High-level government advisers on climate change have warned Boris Johnson against further cuts in foreign aid ahead of the COP26 summit, the BBC learned.
In a letter to the premier, they expressed “deep concern” over the cuts planned by Chancellor Rishi Sunak next week.
Experts said the cuts would show that the UK is “neither committed nor serious” in helping countries vulnerable to climate change.
The Treasury said the UK is a “world leader” in international development.
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The panel – officially known as Friends of COP – was appointed by COP chair Alok Sharma to advise the government ahead of next month’s Glasgow summit – and includes some of the world’s most experienced climate experts.
Their letter – which was seen by the BBC – read: “As ‘Friends of the COP’ we are writing to express our deep concern at the prospect of further cuts in UK aid in the final days before COP26.”
He continued: “The UK’s ability to act as a genuine and trusted partner for developing countries is crucial to the success of COP26. Further implicit cuts in overseas aid to the Comprehensive Spending Review (CSR) would send a signal that the UK is neither committed nor serious in enabling a global green recovery from the pandemic, nor in improving the resilience of the most vulnerable to climate change. “
The cuts would be the result of complicated accounting changes planned by the Treasury for next week’s spending review.
Officials want to broaden the definition of what counts as overseas aid. Specifically, they want to include complex currency handouts from the International Monetary Fund known as Special Drawing Rights (SDRs) and Covid vaccine donations for poorer countries.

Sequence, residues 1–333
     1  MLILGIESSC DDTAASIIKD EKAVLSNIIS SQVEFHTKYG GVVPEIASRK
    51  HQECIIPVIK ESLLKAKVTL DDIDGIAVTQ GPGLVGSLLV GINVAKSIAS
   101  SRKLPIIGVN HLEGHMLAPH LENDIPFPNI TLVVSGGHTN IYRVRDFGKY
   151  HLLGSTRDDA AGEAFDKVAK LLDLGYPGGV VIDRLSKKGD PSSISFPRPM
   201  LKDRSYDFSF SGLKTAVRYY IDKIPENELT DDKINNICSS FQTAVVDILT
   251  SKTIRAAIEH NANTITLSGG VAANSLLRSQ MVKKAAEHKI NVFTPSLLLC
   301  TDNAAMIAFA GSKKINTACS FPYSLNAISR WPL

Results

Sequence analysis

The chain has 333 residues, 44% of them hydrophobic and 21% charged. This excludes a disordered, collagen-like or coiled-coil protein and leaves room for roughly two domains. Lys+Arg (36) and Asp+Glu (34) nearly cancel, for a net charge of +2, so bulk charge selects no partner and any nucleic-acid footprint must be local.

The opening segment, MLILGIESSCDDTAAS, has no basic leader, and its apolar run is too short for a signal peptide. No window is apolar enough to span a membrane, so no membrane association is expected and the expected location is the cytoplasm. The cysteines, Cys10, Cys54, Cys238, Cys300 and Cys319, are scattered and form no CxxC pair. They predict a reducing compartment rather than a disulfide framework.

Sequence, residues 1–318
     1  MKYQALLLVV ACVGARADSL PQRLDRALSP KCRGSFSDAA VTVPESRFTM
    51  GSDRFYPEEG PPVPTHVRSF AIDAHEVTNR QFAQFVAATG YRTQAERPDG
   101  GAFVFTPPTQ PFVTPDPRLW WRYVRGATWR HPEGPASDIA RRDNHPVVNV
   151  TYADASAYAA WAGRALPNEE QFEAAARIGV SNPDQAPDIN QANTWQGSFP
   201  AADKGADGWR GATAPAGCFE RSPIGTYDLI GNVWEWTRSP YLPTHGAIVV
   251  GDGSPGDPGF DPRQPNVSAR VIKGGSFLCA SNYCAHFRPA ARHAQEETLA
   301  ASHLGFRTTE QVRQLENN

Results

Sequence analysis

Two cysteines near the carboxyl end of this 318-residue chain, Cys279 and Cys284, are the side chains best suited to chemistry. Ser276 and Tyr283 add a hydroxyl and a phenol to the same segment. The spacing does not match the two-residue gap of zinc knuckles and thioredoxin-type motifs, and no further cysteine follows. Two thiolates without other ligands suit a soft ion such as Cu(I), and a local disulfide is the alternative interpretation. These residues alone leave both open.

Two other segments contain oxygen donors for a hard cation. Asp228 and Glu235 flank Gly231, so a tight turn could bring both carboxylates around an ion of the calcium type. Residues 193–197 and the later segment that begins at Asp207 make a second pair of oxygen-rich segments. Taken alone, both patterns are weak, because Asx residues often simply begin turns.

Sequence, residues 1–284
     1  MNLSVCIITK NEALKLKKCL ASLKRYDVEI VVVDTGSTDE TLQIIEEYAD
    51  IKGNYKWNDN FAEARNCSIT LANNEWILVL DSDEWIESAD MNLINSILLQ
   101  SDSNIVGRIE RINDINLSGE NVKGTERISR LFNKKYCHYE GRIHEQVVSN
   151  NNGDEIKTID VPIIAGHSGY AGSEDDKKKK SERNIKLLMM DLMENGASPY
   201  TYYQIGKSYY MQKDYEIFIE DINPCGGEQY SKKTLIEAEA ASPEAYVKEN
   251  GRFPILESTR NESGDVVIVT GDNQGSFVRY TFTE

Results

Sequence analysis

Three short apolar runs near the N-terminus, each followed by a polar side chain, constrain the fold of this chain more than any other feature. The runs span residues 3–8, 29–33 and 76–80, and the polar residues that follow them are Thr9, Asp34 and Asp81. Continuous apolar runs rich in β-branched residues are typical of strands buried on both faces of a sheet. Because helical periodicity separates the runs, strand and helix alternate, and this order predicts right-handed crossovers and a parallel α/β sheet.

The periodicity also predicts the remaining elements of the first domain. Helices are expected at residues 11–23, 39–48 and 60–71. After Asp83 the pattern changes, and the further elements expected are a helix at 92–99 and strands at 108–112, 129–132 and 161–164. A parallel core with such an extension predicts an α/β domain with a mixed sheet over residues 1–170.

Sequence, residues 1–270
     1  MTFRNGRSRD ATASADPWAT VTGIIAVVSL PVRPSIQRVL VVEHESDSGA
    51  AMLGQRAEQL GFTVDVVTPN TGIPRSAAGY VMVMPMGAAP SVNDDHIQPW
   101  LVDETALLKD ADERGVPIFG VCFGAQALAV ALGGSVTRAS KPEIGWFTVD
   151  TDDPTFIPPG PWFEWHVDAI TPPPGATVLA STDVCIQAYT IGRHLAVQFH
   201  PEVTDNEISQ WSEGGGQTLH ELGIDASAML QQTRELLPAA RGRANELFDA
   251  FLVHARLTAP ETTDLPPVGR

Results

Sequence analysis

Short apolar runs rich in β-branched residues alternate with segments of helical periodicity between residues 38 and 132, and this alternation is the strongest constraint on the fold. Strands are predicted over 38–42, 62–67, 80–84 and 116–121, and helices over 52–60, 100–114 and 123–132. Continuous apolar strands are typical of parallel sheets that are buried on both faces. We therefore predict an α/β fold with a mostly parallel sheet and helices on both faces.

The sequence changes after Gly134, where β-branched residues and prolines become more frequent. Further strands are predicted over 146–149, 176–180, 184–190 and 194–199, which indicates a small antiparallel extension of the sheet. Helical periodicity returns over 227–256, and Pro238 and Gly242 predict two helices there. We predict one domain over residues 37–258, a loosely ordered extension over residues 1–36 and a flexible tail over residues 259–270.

If these values are counted against the government’s current overseas aid target of 0.5% of national income, this could mean that more than £ 1 billion less is being spent on humanitarian and development support.
The letter states that the UK “would maintain its credibility and maximize the chances of a successful summit” if it did not classify Covid’s SDRs and vaccines as foreign aid.
The fear among climate activists is that developing countries will lose faith in the financial promises made by the UK – and other wealthier nations – to help them adapt their economies to climate change.
Many poorer countries have already voiced their concerns over the UK’s previously announced decision to cut aid by more than £ 4 billion this year.
In a recent report, the Overseas Development Institute warned that a “sleight of hand” with foreign aid threatened to sabotage negotiations in Glasgow.
“If the Treasury cuts budget commitments for climate finance days before the start of COP26, developing countries – which have typically contributed fewer emissions per capita – will rightly wonder why they should bear the costs of climate action and whether they can trust the commitments of developed countries. “
COP friends who signed the letter include:
- Lord Stern, president of the Grantham Research Institute of Climate Change
- Laurence Tubiana, CEO of the European Climate Foundation and former architect of the Paris climate agreement
- Manuel Pulgar-Vidal, former COP20 president
- Lord Turner, chairman of the Energy Transitions Commission
- Christiana Figueres, former executive secretary of the United Nations Framework Convention on Climate Change
- Corinne Le Quéré, professor of climate change sciences at the University of East Anglia
- James Cameron, president of the ODI
- Mary Robinson, president of the Elders
A Treasury spokesman said the UK “is and will remain a world leader in international development”.
“This year we have provided over £ 10 billion for poverty reduction, climate change and global health security – a larger percentage of our national income than most of the G7,” he said, adding “we will return to the target. 0.7% when the budget situation allows it ».
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